By molini on Oct 24, 2007
Hot off the presses, the Atom Publishing Protocol, RFC 5023, has been published.
So what is the Atom Publishing Protocol (AtomPub)? It is an application-level protocol for publishing and editing Web resources. The protocol is based on HTTP transfer of Atom-formatted representations. The Atom format is documented in the Atom Syndication Format.
The development of Atom was motivated by the existence of many incompatible versions of the RSS syndication format, all of which had shortcomings, and the poor interoperability of XML-RPC-based publishing protocols. The Atom syndication format was published as an Internet Engineering Task Force (IETF) "proposed standard" in RFC 4287, and the Atom Publishing Protocol was published as RFC 5023.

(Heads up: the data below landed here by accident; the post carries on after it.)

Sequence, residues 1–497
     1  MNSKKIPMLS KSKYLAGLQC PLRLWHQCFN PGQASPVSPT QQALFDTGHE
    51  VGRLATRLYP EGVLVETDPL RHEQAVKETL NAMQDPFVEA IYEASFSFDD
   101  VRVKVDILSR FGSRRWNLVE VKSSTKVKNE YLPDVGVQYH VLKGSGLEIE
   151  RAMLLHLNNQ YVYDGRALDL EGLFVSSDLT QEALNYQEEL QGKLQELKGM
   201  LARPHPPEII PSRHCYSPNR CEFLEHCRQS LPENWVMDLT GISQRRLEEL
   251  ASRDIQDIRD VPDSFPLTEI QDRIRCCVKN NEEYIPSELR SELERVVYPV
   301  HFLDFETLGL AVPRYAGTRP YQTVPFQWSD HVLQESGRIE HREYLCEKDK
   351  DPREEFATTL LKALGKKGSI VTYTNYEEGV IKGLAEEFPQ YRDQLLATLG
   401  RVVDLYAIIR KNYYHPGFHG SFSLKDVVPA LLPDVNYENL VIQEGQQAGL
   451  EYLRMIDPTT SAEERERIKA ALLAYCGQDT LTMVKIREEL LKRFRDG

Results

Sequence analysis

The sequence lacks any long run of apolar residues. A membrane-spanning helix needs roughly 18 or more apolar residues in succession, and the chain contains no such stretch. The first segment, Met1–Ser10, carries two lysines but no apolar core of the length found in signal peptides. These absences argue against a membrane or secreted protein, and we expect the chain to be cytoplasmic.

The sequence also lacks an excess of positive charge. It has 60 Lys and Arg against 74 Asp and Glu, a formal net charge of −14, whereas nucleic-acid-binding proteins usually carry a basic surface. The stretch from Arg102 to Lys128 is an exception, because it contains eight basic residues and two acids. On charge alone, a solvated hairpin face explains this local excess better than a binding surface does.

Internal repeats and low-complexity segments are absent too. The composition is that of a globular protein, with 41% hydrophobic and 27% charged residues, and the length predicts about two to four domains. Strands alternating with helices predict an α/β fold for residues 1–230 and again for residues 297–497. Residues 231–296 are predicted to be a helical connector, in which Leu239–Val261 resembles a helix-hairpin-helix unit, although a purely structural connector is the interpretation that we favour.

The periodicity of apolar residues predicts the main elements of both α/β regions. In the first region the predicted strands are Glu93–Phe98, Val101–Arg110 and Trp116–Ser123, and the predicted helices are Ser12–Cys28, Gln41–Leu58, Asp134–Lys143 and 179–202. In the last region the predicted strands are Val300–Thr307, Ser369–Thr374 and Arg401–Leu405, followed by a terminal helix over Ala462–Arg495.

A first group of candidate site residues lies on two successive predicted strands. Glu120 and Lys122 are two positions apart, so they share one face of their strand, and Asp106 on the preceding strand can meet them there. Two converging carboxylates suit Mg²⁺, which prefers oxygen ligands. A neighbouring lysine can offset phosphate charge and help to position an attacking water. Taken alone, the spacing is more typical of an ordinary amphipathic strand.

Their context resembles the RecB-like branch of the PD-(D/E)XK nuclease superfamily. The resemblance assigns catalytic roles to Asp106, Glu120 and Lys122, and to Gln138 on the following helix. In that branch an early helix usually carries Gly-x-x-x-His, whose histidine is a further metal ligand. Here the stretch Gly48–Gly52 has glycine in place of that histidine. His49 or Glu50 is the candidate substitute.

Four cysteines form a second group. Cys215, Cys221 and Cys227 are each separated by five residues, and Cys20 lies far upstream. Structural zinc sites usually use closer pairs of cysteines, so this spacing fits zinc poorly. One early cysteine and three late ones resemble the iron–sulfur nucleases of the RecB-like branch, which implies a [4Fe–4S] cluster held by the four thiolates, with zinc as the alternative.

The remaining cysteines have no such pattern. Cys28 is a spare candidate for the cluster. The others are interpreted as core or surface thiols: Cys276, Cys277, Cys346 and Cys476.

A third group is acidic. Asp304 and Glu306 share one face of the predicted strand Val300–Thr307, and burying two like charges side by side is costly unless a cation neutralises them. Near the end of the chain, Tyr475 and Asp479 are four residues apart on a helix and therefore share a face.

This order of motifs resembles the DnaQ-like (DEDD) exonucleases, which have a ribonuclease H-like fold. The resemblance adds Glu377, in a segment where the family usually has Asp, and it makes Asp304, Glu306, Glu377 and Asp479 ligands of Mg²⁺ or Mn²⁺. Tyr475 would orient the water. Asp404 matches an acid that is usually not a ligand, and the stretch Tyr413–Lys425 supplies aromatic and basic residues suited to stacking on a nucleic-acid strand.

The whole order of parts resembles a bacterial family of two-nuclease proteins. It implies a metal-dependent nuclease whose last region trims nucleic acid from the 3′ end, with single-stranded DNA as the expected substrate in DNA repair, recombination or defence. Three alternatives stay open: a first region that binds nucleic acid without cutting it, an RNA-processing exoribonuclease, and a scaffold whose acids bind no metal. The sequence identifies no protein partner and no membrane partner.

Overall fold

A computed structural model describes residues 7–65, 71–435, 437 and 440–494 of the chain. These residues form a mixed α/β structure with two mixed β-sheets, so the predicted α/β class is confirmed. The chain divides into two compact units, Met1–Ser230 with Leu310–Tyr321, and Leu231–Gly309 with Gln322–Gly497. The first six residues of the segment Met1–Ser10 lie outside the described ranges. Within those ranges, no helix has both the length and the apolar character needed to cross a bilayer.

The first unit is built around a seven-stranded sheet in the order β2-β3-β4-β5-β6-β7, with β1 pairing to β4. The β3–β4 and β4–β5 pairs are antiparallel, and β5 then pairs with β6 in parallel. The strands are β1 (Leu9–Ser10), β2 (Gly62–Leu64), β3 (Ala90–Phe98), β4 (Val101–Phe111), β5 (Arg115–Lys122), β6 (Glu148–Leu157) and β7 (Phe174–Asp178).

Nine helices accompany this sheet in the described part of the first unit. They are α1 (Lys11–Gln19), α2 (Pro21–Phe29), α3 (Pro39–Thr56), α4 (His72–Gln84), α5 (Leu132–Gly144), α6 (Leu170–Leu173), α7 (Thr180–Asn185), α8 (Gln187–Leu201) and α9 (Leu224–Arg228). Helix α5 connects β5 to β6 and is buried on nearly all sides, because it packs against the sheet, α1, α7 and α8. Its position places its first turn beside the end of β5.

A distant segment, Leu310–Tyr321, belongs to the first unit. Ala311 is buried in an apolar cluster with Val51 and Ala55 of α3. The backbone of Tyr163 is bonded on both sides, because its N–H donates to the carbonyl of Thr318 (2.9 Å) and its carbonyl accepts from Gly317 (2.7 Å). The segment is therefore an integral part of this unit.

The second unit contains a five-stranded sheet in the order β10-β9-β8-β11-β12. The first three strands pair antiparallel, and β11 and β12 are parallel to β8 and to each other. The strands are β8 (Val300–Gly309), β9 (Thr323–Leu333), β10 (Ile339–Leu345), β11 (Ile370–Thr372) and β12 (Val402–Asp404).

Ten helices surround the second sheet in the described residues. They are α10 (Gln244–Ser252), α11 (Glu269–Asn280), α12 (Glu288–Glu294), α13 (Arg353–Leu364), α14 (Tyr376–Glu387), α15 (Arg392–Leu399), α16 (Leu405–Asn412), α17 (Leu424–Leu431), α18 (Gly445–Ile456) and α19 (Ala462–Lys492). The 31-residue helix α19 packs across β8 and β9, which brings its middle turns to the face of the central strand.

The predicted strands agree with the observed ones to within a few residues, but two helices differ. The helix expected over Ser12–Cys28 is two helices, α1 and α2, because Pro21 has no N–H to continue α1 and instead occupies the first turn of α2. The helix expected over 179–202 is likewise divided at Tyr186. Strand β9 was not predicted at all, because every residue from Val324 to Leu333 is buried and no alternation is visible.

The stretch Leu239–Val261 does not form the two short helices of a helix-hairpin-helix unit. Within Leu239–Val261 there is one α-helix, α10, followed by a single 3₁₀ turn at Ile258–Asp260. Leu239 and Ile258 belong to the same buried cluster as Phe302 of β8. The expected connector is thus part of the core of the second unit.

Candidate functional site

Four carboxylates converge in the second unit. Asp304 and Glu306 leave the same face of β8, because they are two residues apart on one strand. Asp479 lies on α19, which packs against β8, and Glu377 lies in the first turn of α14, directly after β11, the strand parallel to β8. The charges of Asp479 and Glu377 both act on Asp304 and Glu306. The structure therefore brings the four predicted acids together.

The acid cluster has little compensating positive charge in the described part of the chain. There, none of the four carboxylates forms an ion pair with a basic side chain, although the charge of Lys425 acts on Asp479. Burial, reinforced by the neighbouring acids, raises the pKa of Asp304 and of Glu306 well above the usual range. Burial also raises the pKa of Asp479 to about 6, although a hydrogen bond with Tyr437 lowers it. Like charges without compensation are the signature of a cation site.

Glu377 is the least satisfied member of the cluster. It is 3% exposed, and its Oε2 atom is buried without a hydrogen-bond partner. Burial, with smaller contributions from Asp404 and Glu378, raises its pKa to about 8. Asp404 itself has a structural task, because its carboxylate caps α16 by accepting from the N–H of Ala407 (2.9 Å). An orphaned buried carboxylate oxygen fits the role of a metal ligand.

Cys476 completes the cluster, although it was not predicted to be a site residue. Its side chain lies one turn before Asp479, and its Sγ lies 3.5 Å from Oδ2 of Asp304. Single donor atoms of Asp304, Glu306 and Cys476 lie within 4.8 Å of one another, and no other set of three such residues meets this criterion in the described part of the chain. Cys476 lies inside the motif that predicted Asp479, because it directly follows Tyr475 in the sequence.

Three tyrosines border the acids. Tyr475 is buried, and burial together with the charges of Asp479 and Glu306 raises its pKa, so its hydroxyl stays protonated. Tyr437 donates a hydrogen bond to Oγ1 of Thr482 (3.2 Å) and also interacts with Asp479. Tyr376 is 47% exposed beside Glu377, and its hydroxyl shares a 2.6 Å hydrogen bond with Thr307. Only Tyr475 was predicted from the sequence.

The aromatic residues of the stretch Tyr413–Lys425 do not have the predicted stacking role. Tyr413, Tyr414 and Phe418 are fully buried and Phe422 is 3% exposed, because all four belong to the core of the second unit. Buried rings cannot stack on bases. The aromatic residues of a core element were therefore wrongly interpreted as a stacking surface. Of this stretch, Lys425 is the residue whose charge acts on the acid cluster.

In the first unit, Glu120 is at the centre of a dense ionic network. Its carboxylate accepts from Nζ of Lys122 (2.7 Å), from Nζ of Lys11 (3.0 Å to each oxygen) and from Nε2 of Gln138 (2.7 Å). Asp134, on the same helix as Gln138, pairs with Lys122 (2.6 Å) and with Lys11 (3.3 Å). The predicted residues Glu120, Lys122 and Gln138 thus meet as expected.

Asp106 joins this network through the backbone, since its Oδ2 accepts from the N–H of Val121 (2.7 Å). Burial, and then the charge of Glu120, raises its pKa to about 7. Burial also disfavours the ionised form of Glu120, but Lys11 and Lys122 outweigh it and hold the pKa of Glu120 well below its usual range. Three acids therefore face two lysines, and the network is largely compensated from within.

The AtomPub WG was chartered to work on two items: the syndication format in RFC 4287, and the publishing protocol in RFC 5023. Implementations of these specs have been shown to work together and interoperate well to support publishing and syndication of text content and media resources.
Both documents are now Proposed Standards.
So why is this important?
Tim Bray has it summed up nicely on his site.
"Here at Sun, in a blogging-friendly tech-savvy culture, maybe 5% of the people post regularly. So I look at the number of people using the Net and I wonder: “Why aren’t there 50 million, instead of five million, people contributing every week?” The answer: “Because it’s too hard”. We can fix that. Here’s the Atom dream: A “Publish” button on everything. On every word processor and email reader and web browser and cellphone and PDA and spreadsheet and photo-editor and digicam and outliner and sales-force tracker. Really, everywhere. If it doesn’t have a “Publish” button, it’s broken."